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5 Ways to Prepare to Go Back to School

Janelle Cox

Even though you may be busy getting your paperwork in order for the end of the school year, it’s never too early to get a jumpstart on going back to school in the fall. Instead of spending your summer break in front of a computer searching for new lesson ideas, take some time now before the school year is even over to get some of the important things for next year out of the way. This doesn’t have to take a lot of time, all you need to do is to set aside a few hours over the next few weeks to think about, and gather some supplies. Here are a few suggestions to help you prepare to go back to school.

Do Your Back to School Research

The first thing that you want to do to prepare to go back to school is make a plan. If you’ve already gotten feedback from your current students about how the school year went (your teaching methods, lessons, etc.), then utilize this information to help you make any changes that you see fit. Next, speak to your colleagues and ask them what they do in their classroom that works well. Write down ideas on classroom management, homework routines, classroom rules and procedures, time management, organization techniques, classroom jobs, and whatever else that is of interest to you.

Create a Guideline for the Following Year

The next thing that you should do is to create a preliminary yearlong outline of what you plan on doing next year. To help you get started, look at the research that you gathered, and think about everything that went well during the current school year. Then write down all of the things that you would like to get accomplished in the next school year. Next, break your outline into sections and transfer the things that you’d like to do in the months that you’d like to them in. This outline of what you would like to do month-to-month will serve as your roadmap when the next school year arrives. It’s a great start to getting ready for the next school year, and it will give you some sort of direction to follow, instead of doing the same thing that you do every year.

Create All of Your Back to School Lessons

The first week of school is usually pretty hectic. Instead of waiting until the week before school starts to prepare your icebreaker activities, plan them now. If you know that the one getting-to-know-you activity that you did in the beginning of this year didn’t work out as well as you had hoped, then plan for a few different ones. Talk to your colleagues and ask them what activities worked well for them. Then, create enough icebreaker activities for a full week. You can also use the ones you planned from this year, but only use the ones that you think really benefitted students. You may think that different activities will work with different groups of students, but that’s highly unlikely. If it didn’t work for this year’s students, chances are it’s not going to for next year’s students, either. By creating everything for back to school week now, you’ll reduce a lot of that first-week stress teachers get.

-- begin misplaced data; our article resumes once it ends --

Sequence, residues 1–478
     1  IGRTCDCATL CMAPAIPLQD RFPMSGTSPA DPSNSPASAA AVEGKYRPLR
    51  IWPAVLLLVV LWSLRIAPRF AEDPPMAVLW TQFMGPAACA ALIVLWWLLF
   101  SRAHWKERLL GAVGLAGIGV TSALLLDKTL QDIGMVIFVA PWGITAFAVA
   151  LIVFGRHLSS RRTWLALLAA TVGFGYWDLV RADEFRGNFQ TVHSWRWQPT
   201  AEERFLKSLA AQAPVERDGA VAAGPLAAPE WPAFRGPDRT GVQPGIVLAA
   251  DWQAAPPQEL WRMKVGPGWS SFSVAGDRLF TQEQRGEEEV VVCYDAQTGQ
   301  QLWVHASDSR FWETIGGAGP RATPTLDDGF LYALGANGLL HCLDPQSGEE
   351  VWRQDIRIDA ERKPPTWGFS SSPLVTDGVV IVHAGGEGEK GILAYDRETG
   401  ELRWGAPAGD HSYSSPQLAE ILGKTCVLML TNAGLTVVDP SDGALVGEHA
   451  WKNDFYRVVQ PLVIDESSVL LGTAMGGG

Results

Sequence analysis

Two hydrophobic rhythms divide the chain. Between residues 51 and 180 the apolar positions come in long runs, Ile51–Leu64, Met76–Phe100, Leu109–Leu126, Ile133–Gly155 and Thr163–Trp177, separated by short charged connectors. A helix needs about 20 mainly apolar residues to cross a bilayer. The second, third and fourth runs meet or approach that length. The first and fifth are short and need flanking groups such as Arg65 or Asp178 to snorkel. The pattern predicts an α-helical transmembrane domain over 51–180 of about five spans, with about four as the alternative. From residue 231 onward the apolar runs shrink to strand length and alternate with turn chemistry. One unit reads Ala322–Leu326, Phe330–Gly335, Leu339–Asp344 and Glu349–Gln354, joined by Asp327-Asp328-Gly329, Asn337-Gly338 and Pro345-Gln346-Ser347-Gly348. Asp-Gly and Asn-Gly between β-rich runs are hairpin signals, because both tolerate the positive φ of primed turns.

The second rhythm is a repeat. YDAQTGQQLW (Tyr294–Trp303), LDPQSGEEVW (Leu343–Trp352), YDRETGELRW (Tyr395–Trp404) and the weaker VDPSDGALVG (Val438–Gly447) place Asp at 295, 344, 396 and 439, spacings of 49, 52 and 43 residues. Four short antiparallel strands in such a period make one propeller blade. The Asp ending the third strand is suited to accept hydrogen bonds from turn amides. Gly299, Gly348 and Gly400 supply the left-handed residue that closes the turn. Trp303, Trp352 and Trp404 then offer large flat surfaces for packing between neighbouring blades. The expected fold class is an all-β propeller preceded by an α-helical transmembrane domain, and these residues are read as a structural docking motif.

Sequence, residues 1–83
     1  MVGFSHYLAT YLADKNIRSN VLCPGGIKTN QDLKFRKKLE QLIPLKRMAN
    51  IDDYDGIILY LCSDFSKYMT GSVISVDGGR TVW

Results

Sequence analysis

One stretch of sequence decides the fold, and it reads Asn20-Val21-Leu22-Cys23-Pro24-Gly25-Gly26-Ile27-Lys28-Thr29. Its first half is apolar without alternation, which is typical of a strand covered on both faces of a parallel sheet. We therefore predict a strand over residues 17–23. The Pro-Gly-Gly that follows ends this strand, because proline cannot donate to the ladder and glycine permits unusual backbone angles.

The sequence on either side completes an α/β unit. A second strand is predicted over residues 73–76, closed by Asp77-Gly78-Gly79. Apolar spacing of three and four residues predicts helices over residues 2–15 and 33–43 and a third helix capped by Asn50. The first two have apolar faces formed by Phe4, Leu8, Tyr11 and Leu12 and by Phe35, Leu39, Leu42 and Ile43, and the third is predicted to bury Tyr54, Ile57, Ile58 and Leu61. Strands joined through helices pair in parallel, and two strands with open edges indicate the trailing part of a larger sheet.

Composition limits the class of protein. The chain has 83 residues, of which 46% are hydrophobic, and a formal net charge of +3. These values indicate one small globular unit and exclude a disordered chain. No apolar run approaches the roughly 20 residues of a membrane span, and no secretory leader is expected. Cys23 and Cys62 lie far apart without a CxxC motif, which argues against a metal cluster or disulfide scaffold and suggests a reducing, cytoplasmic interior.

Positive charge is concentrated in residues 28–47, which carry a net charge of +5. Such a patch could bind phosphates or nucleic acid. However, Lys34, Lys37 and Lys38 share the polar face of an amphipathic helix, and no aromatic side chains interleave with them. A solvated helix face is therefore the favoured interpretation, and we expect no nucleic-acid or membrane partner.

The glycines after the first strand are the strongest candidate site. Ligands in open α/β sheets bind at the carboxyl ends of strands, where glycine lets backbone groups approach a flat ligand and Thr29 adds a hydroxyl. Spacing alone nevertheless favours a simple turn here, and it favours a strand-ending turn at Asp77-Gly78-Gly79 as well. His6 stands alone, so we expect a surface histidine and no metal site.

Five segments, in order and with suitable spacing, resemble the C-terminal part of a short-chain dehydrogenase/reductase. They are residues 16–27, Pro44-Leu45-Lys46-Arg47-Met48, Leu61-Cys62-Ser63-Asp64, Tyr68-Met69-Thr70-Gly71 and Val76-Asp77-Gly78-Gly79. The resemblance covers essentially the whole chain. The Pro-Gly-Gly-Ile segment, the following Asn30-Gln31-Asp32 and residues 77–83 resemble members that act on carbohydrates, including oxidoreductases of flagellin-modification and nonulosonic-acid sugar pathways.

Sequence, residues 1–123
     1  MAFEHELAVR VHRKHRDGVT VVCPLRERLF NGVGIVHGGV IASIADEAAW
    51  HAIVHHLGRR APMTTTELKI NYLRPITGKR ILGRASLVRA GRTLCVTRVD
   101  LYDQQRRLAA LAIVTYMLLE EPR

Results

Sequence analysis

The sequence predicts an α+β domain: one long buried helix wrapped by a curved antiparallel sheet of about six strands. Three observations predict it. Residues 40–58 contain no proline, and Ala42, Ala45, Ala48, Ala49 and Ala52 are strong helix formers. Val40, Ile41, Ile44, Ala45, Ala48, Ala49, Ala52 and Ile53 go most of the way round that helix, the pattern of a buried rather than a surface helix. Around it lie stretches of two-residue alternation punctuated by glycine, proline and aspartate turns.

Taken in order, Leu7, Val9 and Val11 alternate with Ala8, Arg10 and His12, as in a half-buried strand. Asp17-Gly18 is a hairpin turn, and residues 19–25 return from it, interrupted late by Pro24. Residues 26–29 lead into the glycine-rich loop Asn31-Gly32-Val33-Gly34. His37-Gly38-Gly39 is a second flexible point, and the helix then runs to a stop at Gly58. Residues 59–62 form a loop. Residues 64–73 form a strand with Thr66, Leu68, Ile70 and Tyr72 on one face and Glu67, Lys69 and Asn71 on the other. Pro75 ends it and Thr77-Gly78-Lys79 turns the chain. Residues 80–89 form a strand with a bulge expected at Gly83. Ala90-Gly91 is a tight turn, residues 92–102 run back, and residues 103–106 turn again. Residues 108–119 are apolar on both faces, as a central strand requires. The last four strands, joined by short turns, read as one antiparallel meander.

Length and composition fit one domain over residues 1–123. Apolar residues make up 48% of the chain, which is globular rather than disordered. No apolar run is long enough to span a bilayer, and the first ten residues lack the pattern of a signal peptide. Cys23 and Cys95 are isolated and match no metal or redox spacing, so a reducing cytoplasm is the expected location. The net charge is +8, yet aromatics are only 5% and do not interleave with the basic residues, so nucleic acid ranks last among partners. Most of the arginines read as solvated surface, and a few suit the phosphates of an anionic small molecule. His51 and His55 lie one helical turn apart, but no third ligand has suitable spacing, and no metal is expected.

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Get Your Substitute Packet Up-to-Date

If you’re a planner (which most of you are, if you’re reading about preparing things early), then you know that having a substitute packet is essential for those unexpected sick days. The reason why you should plan this packet so early is because you don’t know what’s going to happen over summer break. What if you break your hand or get an illness, or what if something else unexpectedly comes up and you are unable to plan during the summer? You really have no idea what can happen between now and the next school year, so planning now is your best bet for having everything you need in place for next year. Create a substitute bin and fill it with extra worksheets, classroom activities, and games to keep students busy. Add the student handbook, school rules, and procedures and emergency drills. Get everything together so you’ll be stress-free when it comes to the fall.

Make a School Supply List

If you like the idea of sitting by the beach or the pool and writing down your school supply list for next school year, that is not a good idea. Here’s why: When you are outside of the classroom, you’ll have a harder time thinking of what you need than when you are physically in the classroom and you can see what you’ll need. Take a few minutes to look around the classroom and make a supply list now, you’ll be glad you did when it comes to back to school time.

Get ahead of the game now, so you can spend your summer months relaxing or spending time with your family. All of the tips mentioned above will not take too much time. You’ll be grateful you planned early come the fall.

Do you prepare for the next school year before the end of the current school year, or do you think that’s crazy?


Janelle Cox is an education writer who uses her experience and knowledge to provide creative and original writing in the field of education. Janelle holds a master’s of science in education from the State University of New York College at Buffalo. She is a contributing writer to TeachHUB.com, TeachHUB Magazine, and Hey Teach. She was also the elementary education expert for About.com for five years. You can follow her on Twitter @empoweringed, on Facebook at Empowering K12 Educators, or contact her at Janellecox78@yahoo.com.